Danielle McCann, Quebec's health minister, announced Nov. 29 that there will be a consultation on expanding existing criteria. The proposed expansion would allow euthanization of people with Alzheimer's disease and other degenerative conditions.
Véronique Hivon, a member of the Quebec legislature of the Pari Quebecois, took part in the Nov. 29 press conference.
Hivon introduced the province's existing euthanasia law, and said that the criteria adopted then were necessary for its passage: "We didn't want to lose the consensus. We had to listen to what people had to say."
iPolitics wrote that Hivon "added that it should be possible to expand the option of medical assistance to die, for those not apt to make that decision, because a third person would be charged with following through on the wishes of the dying patient."
Euthanasia and assisted suicide were legalized federally in Canada in June 2016. The carrying out of the practices have led to questions over the imprecision of the country's requirements, from family of patients, disability advocates, pro-life groups, and bioethicists.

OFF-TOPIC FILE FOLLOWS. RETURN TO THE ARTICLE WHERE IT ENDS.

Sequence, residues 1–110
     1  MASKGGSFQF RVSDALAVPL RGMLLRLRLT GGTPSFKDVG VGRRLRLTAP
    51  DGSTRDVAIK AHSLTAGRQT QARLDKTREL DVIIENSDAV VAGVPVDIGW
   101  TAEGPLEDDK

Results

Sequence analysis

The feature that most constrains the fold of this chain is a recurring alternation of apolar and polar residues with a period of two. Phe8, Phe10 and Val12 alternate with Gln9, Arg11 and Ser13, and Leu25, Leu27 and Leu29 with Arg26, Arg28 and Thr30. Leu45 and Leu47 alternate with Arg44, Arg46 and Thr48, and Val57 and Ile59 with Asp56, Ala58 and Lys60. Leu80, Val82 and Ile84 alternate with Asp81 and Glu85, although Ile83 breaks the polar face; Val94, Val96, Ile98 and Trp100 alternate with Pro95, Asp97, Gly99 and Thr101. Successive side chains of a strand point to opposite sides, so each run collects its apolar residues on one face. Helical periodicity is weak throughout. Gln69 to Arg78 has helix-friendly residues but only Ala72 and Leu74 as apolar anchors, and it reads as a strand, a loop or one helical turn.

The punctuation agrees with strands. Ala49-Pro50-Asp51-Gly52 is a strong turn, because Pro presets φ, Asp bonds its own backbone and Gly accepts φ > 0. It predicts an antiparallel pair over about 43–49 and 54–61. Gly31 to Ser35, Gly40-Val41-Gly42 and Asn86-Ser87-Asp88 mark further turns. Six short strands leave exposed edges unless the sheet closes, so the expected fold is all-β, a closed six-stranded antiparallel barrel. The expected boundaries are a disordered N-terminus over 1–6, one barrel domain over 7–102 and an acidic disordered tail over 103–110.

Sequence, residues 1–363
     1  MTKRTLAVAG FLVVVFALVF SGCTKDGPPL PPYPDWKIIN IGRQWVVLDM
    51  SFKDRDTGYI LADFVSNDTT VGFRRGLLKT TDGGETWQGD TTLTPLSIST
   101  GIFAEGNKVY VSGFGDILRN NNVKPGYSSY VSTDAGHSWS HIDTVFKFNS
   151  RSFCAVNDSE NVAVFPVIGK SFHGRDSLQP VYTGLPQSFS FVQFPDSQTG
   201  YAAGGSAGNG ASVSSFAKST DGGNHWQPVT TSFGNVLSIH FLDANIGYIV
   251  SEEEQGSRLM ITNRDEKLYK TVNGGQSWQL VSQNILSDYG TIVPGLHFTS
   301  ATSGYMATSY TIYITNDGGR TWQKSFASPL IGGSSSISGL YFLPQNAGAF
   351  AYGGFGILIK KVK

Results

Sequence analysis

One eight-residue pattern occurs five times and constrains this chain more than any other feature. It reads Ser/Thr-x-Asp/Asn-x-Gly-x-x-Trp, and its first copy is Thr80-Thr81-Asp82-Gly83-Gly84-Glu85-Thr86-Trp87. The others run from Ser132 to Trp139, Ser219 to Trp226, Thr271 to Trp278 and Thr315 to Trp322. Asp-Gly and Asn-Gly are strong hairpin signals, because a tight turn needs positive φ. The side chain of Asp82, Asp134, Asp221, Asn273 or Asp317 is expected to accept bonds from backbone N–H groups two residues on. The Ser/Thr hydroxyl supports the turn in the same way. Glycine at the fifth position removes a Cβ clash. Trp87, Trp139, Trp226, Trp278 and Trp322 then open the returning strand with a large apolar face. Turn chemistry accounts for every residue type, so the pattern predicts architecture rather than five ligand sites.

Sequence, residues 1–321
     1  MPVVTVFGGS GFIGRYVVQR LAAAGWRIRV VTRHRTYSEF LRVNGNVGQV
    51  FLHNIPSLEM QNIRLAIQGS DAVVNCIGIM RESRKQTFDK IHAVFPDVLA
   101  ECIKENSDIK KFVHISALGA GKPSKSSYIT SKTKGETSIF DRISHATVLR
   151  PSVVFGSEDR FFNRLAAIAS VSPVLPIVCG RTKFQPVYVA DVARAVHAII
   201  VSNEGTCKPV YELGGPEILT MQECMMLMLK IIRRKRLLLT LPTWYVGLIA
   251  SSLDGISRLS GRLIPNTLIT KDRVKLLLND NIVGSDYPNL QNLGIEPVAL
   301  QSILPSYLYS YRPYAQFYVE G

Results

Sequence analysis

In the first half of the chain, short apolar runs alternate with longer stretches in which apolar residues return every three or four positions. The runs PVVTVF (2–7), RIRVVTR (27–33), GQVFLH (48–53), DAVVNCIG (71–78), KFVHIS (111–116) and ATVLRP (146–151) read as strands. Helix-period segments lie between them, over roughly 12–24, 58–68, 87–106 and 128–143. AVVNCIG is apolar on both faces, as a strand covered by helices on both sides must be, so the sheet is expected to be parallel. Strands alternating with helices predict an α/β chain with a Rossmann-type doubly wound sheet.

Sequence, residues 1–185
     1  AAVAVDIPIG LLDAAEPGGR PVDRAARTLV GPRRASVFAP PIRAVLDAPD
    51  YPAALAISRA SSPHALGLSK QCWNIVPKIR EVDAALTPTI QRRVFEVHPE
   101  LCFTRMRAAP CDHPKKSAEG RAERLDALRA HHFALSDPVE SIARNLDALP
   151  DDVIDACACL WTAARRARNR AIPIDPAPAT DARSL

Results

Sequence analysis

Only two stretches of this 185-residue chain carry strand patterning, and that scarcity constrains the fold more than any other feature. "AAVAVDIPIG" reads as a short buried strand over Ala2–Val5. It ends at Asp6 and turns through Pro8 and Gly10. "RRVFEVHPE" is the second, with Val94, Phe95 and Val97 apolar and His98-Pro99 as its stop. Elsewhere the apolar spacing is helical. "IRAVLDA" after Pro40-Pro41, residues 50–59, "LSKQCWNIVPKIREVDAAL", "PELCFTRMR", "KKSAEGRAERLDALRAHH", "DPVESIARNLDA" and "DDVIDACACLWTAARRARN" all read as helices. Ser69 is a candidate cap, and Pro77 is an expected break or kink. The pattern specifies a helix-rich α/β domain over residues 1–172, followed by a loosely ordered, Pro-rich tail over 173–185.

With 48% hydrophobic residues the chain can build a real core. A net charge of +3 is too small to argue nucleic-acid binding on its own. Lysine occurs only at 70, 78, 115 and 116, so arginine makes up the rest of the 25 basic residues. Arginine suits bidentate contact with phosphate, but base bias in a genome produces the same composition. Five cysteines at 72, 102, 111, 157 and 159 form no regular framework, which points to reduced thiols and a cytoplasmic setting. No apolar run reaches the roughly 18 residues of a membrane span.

Eligibility is restricted to mentally competent Canadian adults who have a serious, irreversible illness, disease, or disability. While to be eligible a patient does not have to have a fatal condition, they must meet a criterion variously expressed as they "can expect to die in the near future", that natural death is "reasonably foreseeable" in the "not too distant" future, or that they are "declining towards death".